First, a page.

How would you like your 2020 housing affordability crisis served up? Chilled, with a stark chaser of home buyer’s anxiety, or red-hot, with an extra helping of simmering renter’s anguish? While the frantic hand-wringing over ever-escalating home prices in America’s top cities has become a national obsession, far less attention has been paid to the skyrocketing rental costs in those very same markets—sending many renters into Thoreauvian “lives of quiet desperation.”
What’s a stretched city dweller to do? After all, folks flocked en masse to rentals over the past decade as prices for homes got further out of reach. For some, leasing was a safe harbor while trying to bank enough cash to buy a place; for others it was their only urban entry point. Now we have the highest percentage of renters in a generation, outnumbering owners in about a third of all big cities—and rental costs are going up, and up, and up. The harbor has become a holding pen.
But here’s the news: Even in the nation’s largest and priciest urban meccas, there are still pockets of affordability. And the thrifty data team at realtor.com® set out to find ’em! Granted, these neighborhoods may not be your first options. But if you pick the right area, you can live in the big city, stay safe, and maintain a reasonable commute.
You knew there would be a few compromises along the way, right? Because city living isn’t likely to get much cheaper in the foreseeable future.
“I expect affordability to very much remain a main challenge for the housing market in 2020 for both buyers and renters, partly because there’s very limited new-housing supply,” says George Ratiu, senior economist for realtor.com®.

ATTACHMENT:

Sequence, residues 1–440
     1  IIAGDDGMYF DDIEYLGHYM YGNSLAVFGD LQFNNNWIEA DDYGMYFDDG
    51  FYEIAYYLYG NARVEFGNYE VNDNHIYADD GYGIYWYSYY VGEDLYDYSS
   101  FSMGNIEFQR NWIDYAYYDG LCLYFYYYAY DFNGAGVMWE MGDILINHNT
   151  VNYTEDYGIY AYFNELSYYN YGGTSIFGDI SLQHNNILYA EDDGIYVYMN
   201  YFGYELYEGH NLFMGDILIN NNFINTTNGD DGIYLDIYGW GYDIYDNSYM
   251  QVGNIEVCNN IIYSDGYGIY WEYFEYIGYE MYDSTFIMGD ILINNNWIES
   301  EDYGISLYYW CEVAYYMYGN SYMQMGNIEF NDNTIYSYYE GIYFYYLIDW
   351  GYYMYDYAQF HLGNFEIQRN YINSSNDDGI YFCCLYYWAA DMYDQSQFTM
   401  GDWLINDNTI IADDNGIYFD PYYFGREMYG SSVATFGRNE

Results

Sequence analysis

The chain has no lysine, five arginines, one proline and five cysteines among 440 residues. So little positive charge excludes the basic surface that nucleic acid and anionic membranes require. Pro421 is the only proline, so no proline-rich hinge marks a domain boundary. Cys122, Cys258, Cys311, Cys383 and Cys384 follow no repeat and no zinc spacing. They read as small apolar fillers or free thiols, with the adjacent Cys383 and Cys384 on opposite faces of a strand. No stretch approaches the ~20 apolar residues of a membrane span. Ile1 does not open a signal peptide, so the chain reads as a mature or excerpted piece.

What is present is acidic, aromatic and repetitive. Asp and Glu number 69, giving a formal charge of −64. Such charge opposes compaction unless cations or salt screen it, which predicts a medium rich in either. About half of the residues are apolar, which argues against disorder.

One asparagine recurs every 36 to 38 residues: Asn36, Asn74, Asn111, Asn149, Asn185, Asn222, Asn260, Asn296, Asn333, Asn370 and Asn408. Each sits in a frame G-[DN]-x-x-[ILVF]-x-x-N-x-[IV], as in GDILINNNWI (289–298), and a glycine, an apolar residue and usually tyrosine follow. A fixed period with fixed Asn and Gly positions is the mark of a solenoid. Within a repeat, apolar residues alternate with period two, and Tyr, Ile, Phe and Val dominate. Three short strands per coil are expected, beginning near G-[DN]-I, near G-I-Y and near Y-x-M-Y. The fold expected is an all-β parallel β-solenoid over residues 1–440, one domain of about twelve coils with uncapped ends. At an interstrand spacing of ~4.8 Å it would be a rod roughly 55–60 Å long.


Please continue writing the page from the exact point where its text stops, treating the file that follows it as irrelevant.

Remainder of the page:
The lack of new construction to meet demand has a trickle-down effect on the rental market, Ratiu continues, since people who are unable to find a home to buy are continuing to rent.
“For young professionals looking for a place to rent, the major trade-offs center around location, proximity to public transit and amenities, as well as building features,” he says.
To find out where, we partnered with the rental site Zumper to pinpoint rental prices in ZIP codes across the nation’s 10 largest metros. That data was then screened through crime data provided by Sperling’s Best Places to weed out ZIPs with high crime rates. We then plotted the areas on Google Maps from the city center and checked out weekday morning commutes, eliminating places that were more than 45 minutes away from the city.
These neighborhoods may be a little rough around the edges in some cases (we’re looking at you, Philly and DC) or a trek to the bright lights of downtown (hello, Miami), but they are the most affordable options for renters looking for a big-city experience.